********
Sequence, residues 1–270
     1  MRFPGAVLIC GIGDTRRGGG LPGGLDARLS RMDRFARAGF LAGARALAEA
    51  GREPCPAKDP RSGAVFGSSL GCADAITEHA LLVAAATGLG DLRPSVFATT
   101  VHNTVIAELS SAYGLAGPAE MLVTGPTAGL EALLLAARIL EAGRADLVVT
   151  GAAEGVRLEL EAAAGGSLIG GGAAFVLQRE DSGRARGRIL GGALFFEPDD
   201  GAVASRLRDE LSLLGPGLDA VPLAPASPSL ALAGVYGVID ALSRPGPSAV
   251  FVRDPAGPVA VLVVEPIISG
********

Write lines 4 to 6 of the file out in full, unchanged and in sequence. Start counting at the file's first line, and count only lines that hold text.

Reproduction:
   101  VHNTVIAELS SAYGLAGPAE MLVTGPTAGL EALLLAARIL EAGRADLVVT
   151  GAAEGVRLEL EAAAGGSLIG GGAAFVLQRE DSGRARGRIL GGALFFEPDD
   201  GAVASRLRDE LSLLGPGLDA VPLAPASPSL ALAGVYGVID ALSRPGPSAV